Seeking Consultation on the Concourse

Margaret Chin Pushes for CB1 Role in South End Avenue Decision Process

City Council member Margaret Chin wants the Battery Park City Authority to include Community Board 1 in decisions about the future of South End Avenue.City Council member Margaret Chin wants the Battery Park City Authority to include Community Board 1 in decisions about the future of South End Avenue.

City Council member Margaret Chin is echoing calls by the Battery Park City Committee of Community Board 1 for a greater voice in planning any changes to the streetscape of South End Avenue. In a January 25 letter to Polly Trottenberg, commissioner of the City’s Department of Transportation (DOT), Ms. Chin urges the City, “not to approve any changes to South End Avenue without meaningful engagement and opportunities for public input by the community — particularly from members of the Battery Park City Committee of Community Board 1.”

This appears to be a reference to calls by members of Community Board 1 (CB1) for a direct, formal role in deliberations about South End Avenue. While there have been several public meetings about an initiative by the Battery Park City Authority (BPCA) to redesign the thoroughfare, these have not included any substantive role for CB1, which is designated as the official voice of the Lower Manhattan community in dealing with government agencies and elected officials.

Anthony Notaro

Anthony Notaro


As early as last June, Anthony Notaro (then chair of CB1’s Battery Park City Committee, and now chair of CB1 as a whole) requested that the BPCA share preliminary results of its study about South End Avenue with that panel, in advance of July 20 public meeting about the project. That request was declined.

In subsequent meetings, the BPCA has invited the public to review the result of this study, as well as to weigh in with reactions and suggestions. This input has resulted in significant modifications to the BPCA’s approach to rehabilitating South End Avenue. Most prominently, the BPCA announced in October that it will no longer consider filling in the arcades that line the west side of the street, in order to create new retail space. (This possibility stirred controversy, and moved the boards of 12 condominium buildings to adopt resolutions opposing such a move.)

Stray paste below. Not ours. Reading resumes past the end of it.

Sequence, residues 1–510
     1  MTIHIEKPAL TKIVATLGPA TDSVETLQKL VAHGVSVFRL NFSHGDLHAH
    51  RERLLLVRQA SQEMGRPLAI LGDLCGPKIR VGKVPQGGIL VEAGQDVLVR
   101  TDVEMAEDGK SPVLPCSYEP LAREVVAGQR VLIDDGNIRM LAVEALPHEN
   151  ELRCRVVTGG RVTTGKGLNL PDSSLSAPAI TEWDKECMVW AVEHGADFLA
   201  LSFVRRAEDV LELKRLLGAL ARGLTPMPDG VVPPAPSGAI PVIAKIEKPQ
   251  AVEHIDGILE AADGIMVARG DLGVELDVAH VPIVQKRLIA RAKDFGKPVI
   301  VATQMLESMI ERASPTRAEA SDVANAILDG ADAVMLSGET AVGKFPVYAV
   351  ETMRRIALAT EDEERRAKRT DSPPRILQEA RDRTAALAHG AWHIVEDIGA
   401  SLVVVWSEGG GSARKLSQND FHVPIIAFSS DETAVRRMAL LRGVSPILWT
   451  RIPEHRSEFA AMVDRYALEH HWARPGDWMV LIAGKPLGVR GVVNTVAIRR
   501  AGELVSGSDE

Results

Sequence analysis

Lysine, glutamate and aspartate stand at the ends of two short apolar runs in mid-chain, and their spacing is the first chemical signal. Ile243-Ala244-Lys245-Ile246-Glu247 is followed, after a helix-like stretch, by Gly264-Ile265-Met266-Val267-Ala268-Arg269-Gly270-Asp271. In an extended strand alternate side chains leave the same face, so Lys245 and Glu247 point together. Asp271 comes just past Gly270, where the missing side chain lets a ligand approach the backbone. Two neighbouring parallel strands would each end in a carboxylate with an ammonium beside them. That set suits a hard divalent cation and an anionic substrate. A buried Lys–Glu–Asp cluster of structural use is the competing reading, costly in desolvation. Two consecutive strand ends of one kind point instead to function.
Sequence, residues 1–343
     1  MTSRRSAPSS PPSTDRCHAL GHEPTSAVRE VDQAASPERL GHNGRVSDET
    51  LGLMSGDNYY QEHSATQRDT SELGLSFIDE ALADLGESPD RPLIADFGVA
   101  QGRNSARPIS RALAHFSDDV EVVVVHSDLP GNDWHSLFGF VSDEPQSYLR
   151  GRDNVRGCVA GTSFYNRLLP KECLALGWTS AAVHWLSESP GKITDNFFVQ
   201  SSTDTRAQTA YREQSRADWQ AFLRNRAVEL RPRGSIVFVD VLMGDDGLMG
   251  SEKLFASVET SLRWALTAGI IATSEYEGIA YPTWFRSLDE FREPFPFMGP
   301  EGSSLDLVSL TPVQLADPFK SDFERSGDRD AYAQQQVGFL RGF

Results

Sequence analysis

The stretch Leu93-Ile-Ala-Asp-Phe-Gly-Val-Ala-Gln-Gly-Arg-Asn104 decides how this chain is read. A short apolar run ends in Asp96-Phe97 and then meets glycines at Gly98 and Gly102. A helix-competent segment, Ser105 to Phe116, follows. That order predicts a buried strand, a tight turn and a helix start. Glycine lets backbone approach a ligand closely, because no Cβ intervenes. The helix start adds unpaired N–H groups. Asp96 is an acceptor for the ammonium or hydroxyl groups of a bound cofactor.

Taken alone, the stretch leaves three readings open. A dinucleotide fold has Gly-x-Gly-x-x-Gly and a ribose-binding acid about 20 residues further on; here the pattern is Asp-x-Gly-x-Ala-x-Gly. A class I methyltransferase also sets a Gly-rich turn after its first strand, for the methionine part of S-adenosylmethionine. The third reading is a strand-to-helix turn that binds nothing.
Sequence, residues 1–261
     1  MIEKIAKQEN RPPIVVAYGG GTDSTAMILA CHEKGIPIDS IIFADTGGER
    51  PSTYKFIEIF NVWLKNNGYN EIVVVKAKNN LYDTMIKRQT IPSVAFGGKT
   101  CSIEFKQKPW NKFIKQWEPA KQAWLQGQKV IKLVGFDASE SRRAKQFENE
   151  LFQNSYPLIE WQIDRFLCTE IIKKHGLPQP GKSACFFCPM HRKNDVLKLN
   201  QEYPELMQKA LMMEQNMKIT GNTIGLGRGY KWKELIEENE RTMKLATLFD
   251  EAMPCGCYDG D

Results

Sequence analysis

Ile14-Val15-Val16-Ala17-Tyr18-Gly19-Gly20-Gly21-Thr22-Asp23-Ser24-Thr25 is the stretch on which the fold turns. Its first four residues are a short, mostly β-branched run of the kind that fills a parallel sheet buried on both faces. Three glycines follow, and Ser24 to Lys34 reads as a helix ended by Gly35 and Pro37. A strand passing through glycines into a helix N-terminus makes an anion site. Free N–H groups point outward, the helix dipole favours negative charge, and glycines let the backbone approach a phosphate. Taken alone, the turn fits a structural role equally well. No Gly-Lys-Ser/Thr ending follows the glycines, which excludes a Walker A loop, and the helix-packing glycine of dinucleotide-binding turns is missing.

The next step slated for the process will be another public meeting, to be co-hosted by the BPCA and the City DOT, the date for which has not been announced. At the February 7 meeting of CB1’s Battery Park City Committee, members Tammy Meltzer and Justine Cuccia asked once again that the BPCA circulate information about its latest proposals to the panel in advance of this meeting, so that the members could deliberate and reach a consensus on how to respond. They also stressed the importance of announcing the date and location of this meeting several weeks in advance.

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Ninfa Segarra, chair of CB1’s Battery Park City Committee, repeated a call she has made in the past, for CB1 to be invited to co-host the meeting, and to play an official role in the process of making decision about any changes to South End Avenue. Whether any of these requests will be granted by the BPCA remains to be seen.

Ms. Chin’s January 25 letter to Commissioner Trottenberg is significant, because few — if any — of the changes contemplated in the BPCA study of options for South End Avenue could be legally implemented without the approval of the City DOT, as well as several other agencies.

Ms. Chin letter continued, “Since the Battery Park City Authority began its South End Avenue assessment, there have been few opportunities for residents to engage in the process to redesign one of Battery Park City’s most important thoroughfares.” She continued, “I strongly believe that community representatives should be able to fully participate in any discussion regarding the future of this unique neighborhood’s main artery — including at an upcoming joint DOT/BPCA public meeting to consider recommendations for street and pedestrian improvements along South End Avenue.”

A BPCA spokesman responds, “as always we look forward to continuing our discussions with, and receiving additional feedback from, the Battery Park City community about its ideas for the future of South End Avenue.”

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